UNDP is taking a lead globally to support countries in the procurement of health commodities in some of the most challenging operating environments. The expertise built through decades of supporting Global Fund procurement in such contexts is being used to deliver value-for-money, quality assurance and reliability for domestically funded health procurement.
Procurement value of Global Fund and domestically funded programmes (2017)
Zimbabwe: Creating value-for-money in HIV treatment
Price negotiations between UNDP and suppliers have achieved a landmark cost for ARVs of less than $100 per patient per year for the one-pill combination of the three HIV medicines known as TLE (Tenofovir, Lamivudine and Efavirenz). Because of this UNDP in 2017 was able to purchase 7.4 million packs of medicines for $ 46 Million USD for Zimbabwe – resulting in savings of over $29 Million USD compared to previous orders. So far procurement savings in Zimbabwe total $48 Million USD. With the help of these savings, the Ministry of Health and Child Care has now put over 1 million people on HIV treatment with support from the Global Fund, PEPFAR, DFID and UNDP.
Procurement value by commodity type (2017)
Sustainable Health Procurement - saving more lives sustainably
UNDP provides dedicated support for countries to implement large-scale health programmes and to strengthen institutions to deliver essential services in challenging and high-risk country contexts. While it is essential for UNDP to help deliver on health programmes in accordance to the HIV, Health and Development Strategy 2016-2021 and the SDGs, this also includes addressing the rising social and environmental challenges that are a part of a sustainable health system. As specified by the Lancet, climate change is the biggest global health threat in the 21st history and yet, it is evident that the health sector is also paradoxically contributing towards climate change. This is notably with the environmental issues of health product production, consumption practices and the incredible scale of the global health procurement footprint.
While UNDP has identified this as a health procurement challenge, it has taken a new organizational model and business approach within its procurement practices by working in partnership with manufacturers and freight forwarders as part of the procurement and contract management process. This allows to further assess, measure and provide dedicated support for the innovation and gradual adoption of sustainable health manufacturing and procurement practices. The main sustainable health procurement programme milestones include the following:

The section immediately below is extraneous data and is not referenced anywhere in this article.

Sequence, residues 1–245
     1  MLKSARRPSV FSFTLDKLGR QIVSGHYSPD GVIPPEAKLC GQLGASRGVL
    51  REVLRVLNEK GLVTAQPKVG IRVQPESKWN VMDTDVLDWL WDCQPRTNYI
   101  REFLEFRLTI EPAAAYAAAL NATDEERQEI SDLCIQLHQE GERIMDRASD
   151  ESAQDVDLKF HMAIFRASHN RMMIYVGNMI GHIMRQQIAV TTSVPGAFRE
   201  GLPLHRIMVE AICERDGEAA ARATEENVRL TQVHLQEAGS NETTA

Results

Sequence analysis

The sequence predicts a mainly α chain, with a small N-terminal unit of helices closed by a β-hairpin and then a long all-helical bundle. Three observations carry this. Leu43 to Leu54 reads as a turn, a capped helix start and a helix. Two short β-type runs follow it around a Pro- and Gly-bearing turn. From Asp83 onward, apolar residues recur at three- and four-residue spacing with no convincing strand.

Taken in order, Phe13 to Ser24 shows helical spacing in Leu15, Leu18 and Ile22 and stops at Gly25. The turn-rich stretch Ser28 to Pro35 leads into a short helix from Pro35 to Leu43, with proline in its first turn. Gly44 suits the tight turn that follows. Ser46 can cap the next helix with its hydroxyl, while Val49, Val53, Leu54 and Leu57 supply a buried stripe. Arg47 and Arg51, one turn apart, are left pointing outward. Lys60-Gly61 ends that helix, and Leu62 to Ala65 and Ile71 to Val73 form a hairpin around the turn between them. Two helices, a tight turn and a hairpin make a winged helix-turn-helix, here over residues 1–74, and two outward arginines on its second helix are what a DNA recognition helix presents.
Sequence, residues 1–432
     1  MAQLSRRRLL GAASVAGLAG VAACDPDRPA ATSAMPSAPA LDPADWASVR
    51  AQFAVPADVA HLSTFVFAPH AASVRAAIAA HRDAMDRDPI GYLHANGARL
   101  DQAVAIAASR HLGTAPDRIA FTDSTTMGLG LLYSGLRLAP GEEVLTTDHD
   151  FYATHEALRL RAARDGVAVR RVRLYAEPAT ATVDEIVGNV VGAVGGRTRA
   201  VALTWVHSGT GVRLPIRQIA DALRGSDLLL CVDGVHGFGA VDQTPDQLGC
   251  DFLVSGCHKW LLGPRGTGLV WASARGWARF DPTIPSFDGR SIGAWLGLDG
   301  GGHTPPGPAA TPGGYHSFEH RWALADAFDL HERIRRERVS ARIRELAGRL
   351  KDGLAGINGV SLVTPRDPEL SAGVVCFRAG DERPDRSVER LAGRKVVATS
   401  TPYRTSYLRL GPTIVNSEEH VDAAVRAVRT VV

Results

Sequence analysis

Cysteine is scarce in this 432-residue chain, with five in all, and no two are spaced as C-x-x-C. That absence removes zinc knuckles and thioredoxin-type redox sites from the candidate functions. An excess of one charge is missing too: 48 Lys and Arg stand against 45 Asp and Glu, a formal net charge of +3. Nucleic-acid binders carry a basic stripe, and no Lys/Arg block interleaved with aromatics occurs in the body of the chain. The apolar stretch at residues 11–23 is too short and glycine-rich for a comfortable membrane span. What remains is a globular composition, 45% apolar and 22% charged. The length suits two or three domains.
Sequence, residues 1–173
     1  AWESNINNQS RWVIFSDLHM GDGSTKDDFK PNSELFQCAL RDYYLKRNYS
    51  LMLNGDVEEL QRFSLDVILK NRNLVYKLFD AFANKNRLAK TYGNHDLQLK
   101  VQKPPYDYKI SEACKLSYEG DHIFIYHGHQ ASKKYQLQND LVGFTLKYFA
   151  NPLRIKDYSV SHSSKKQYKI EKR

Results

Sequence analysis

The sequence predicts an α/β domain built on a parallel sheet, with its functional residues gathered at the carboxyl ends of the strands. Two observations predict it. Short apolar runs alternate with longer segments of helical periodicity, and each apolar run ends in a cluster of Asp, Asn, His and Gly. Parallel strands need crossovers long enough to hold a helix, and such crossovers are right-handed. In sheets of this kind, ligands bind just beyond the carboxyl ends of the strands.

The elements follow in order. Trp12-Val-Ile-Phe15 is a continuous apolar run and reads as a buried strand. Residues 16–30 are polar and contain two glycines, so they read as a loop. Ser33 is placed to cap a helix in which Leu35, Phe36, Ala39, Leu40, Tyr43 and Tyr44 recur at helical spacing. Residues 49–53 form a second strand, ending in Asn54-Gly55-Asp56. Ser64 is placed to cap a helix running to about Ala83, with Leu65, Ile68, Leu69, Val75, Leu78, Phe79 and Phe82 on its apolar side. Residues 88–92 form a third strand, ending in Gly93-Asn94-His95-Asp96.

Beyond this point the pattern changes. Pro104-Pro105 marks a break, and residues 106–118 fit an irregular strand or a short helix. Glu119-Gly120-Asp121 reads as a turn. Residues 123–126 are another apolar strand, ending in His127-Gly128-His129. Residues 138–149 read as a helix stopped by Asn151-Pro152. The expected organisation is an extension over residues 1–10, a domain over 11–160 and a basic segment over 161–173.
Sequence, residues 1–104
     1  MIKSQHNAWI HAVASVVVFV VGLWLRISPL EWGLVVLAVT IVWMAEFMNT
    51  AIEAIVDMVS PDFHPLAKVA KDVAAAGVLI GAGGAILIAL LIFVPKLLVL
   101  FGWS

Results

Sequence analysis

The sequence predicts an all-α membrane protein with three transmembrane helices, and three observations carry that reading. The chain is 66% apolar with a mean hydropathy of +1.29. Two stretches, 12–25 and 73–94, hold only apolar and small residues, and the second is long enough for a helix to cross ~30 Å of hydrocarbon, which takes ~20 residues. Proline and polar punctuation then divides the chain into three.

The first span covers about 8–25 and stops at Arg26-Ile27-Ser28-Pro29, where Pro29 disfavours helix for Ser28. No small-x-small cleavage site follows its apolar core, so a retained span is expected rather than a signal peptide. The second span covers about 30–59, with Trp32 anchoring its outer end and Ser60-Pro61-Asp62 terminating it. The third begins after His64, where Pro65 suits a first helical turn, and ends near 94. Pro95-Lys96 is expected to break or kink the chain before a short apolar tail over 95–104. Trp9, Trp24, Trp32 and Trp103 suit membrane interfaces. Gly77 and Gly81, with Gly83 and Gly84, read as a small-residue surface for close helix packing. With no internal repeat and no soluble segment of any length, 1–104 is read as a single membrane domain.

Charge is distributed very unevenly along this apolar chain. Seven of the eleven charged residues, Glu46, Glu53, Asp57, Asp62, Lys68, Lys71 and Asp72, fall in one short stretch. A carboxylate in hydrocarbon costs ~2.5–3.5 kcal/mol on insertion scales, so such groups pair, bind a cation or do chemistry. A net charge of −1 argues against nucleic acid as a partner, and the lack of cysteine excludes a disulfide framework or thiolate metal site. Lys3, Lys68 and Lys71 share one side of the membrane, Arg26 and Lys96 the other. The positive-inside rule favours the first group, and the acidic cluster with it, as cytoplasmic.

The UNDP Sustainable Health Procurement programme is conducted in partnership with the United Nations Interagency Sustainable Procurement in the Health Sector (UN-SPHS) Secretariat.
Spotlight: Reducing emissions through health procurement planning and packaging optimization
UNDP is committed to reduce its C02 footprint as it is evident that health procurement is paradoxically contributing towards the negative impacts of public health and climate change. Therefore, UNDP in partnership with Kuehne Nagel are collecting data to measure, monitor and reduce C02 impacts on specified UNDP heath procurement trade lanes. The procurement planning data provided by UNDP Country Offices is also used to switch to more efficient freight options that provide reduced emissions per shipment (e.g. sea vs. air), which has led towards significant C02 reductions and freight cost savings. UNDP also leverages on the procurement volume presently channeled through its heath procurement architecture to facilitate the reduction of unnecessary product waste through packaging reduction and optimization. This not only improves environmental aspects and adds towards additional C02 reductions, but also leads additional to substantial cost savings and resource efficiencies – which can essentially save more lives.